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I want to be good at math and physics

  1. Aug 3, 2009 #1
    Hello

    The title above is fairly descriptive, although it's not the whole problem.

    I really like electronics and computers, and most technology related subjects. I think I would really enjoy working with electronics and being in that industry, but I have a major problem - I don't think I have the required aptitiude for it.

    The bottom line is that I suck at math and math related subjects (physics). I can't do mental sums in my head, and I have trouble working out my change when I buy something. All my life I have been made fun of for being mathematically challenged (not always in bad way) and I really think it is standing in the way of what I want to do.

    I have tested pretty high on an actual IQ test (131), so general ability and intelligence shouldn't be a problem. But for some reason it is. Is it just simply that I'm not a natural math-head and I should maybe turn my attention to something I am actually talented at and have the aptitude for? (Someone also said to me that even if I did manage to get a qual in Electronics, who would want an engineer/designer who may get sums wrong?) which I guess is a fair point. I don't want to be incompetent.

    Any thoughts or opinions? :O
     
  2. jcsd
  3. Aug 3, 2009 #2
    I am no engineer, but I'm pretty sure that engineers working on major projects these days don't rely on their ability to do "mental math" these days :wink:

    I don't know just how badly you "suck at math and math related subjects", but I believe you'd be surprised at your success if you're willing to put in the hours. Furthermore, mathematics is only part of an engineer's training. Finally, where natural aptitude does count some, it definitely plays second fiddle to sheer determination, self-discipline and a brutal work ethic.

    I think the issue here is really one of how hard you're willing to work at achieving your goals.
     
  4. Aug 3, 2009 #3

    mrb

    User Avatar

    I'm partly just echoing your previous reply, but be assured that your ability to do arithmetic has very little relation to anything. If someone wants an employee who can consistently do lots of arithmetic quickly and error free, they'll be hiring a computer, not a human.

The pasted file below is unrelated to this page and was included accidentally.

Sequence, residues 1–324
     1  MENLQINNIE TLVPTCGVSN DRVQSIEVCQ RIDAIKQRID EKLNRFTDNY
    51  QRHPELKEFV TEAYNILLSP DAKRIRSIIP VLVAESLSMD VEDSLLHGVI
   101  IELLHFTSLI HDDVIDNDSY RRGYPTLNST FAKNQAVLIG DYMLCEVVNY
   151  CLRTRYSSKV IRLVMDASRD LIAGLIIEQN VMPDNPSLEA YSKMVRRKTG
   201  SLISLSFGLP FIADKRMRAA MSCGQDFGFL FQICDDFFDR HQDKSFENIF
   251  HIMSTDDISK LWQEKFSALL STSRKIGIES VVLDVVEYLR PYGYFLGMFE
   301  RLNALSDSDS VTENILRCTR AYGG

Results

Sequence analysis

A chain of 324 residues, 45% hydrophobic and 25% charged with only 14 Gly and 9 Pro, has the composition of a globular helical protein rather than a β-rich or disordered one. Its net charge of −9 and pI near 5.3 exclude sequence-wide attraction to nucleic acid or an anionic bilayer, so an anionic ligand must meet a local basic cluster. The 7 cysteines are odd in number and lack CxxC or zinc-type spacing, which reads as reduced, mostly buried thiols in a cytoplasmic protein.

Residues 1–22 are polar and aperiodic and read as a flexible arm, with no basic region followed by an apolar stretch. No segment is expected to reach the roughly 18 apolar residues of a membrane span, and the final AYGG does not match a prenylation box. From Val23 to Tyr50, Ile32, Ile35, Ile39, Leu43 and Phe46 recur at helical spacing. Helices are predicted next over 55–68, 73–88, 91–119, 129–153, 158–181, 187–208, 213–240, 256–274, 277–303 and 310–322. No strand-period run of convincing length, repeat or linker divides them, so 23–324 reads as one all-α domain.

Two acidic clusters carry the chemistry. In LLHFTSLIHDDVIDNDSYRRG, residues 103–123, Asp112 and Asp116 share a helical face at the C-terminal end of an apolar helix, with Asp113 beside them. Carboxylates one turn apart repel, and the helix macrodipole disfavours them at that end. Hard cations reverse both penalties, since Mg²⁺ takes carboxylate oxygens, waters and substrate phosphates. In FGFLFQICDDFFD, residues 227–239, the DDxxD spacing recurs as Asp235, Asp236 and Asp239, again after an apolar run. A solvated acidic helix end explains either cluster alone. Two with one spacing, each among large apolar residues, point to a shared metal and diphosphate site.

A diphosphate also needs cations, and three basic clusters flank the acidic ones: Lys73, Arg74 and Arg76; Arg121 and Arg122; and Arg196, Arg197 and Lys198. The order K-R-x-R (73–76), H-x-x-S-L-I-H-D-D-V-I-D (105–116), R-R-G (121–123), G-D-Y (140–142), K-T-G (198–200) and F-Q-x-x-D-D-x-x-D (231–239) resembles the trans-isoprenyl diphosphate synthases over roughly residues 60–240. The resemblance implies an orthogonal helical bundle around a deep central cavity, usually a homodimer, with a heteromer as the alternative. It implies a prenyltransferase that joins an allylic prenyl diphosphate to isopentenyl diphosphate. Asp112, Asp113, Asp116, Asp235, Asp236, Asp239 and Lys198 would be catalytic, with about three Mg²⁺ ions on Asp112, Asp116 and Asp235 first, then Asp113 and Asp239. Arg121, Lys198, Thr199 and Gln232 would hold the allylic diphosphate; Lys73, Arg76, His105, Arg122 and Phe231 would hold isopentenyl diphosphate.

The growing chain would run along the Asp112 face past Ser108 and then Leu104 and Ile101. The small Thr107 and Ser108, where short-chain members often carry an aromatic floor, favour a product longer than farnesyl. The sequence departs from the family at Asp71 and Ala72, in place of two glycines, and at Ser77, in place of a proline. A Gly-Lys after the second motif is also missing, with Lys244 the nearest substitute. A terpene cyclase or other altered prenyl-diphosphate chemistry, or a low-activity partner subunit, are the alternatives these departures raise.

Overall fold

I screw up arithmetic again and again and again. On an exam in a college math class I wrote (as part of a larger calculation) "3 + 6 = 8". I also have a truly horrible memory; I can barely remember the multiplication table. But I am about to graduate with a BS in Math and a 4.0 average in math classes. This is like a poet worrying about his spelling ability. That just isn't what it's about.

    Now, maybe you really are bad at math... but it sounds more like you just haven't really encountered much math yet.
     
  5. Aug 4, 2009 #4
    You can find IQ tests that test for different kinds of intelligence - mathematical, linguistic, logical... You might find it amusing to dig out one of these and see if you "really are" unintelligent when it comes to Math! Note computing is very logical and linguistic, so don't despair if your Math IQ is very low! Just edge away from more mathematical aspect of computing and electronics...
     
  6. Sep 6, 2009 #5
    I guess your alternative is this web 24yahoo (dot) com
    They provide math video solutions to most math courses.
     
  7. Sep 6, 2009 #6
    Working with electronics is a fairly broad desire. There're some very different occupations that might fall into that category. For instance, an electrician works with electronics, and needs no math worth mentioning in his daily life. An electrical engineer, however, will certainly need to know how to use some mathematics (and some more advanced mathematics if you want to be a theorist, but then you probably wouldn't be "working with electronics" in the sense of the phrase that I have assumed you meant).

    I think the simple answer here is to just try it out; take calculus 1 and 2, an intro linear algebra course, and some intro engineering courses. If you genuinely put in an effort, and you find these courses too difficult, then you will almost certainly not succeed in more advanced courses.
     
  8. Sep 6, 2009 #7

    chiro

    User Avatar
    Science Advisor

    Hey there. Math is like most things including sport. You need to practice it to become good at it. Sure there are people out there that "get it" quicker than others but mostly its not a spectator sport. People solve problems to understand things. It might seem tedious, mind-numbing boring or whatever but honestly thats pretty much all it takes.

    Don't be ashamed to ask questions when you don't know whats going on. The more you can absorb off mentors or bright people the better chance you will have at getting to their level and possibly beyond. Chances are other people don't know whats going on either.

    Granted there are areas of math where genius, IQ or whatever you want to call it come in handy and do play a role but like what most people have already said, its the hard work that counts in the end. If you have trouble don't feel bad. Lots of people need help at some point and those who don't are probably more luckier than most.

    All the best,

    Matthew
     
  9. Sep 6, 2009 #8
    If you to be good, study what you don't know and work hard. That's it.
     
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